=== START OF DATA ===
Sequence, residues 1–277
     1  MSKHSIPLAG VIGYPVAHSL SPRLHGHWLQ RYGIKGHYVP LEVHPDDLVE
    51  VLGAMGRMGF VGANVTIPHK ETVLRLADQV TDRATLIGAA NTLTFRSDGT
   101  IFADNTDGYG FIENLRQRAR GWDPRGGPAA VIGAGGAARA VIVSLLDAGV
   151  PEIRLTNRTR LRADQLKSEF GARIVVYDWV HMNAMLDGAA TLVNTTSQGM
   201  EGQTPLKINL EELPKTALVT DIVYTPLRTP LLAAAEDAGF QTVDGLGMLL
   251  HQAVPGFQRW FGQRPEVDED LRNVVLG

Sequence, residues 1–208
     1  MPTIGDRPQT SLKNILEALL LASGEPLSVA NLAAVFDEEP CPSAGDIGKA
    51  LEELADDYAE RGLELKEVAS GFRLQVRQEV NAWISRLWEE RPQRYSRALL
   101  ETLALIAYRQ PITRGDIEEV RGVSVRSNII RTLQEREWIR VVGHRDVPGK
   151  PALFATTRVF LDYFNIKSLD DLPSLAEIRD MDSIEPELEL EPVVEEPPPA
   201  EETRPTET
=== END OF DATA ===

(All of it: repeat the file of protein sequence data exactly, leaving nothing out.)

Sequence, residues 1–277
     1  MSKHSIPLAG VIGYPVAHSL SPRLHGHWLQ RYGIKGHYVP LEVHPDDLVE
    51  VLGAMGRMGF VGANVTIPHK ETVLRLADQV TDRATLIGAA NTLTFRSDGT
   101  IFADNTDGYG FIENLRQRAR GWDPRGGPAA VIGAGGAARA VIVSLLDAGV
   151  PEIRLTNRTR LRADQLKSEF GARIVVYDWV HMNAMLDGAA TLVNTTSQGM
   201  EGQTPLKINL EELPKTALVT DIVYTPLRTP LLAAAEDAGF QTVDGLGMLL
   251  HQAVPGFQRW FGQRPEVDED LRNVVLG

Sequence, residues 1–208
     1  MPTIGDRPQT SLKNILEALL LASGEPLSVA NLAAVFDEEP CPSAGDIGKA
    51  LEELADDYAE RGLELKEVAS GFRLQVRQEV NAWISRLWEE RPQRYSRALL
   101  ETLALIAYRQ PITRGDIEEV RGVSVRSNII RTLQEREWIR VVGHRDVPGK
   151  PALFATTRVF LDYFNIKSLD DLPSLAEIRD MDSIEPELEL EPVVEEPPPA
   201  EETRPTET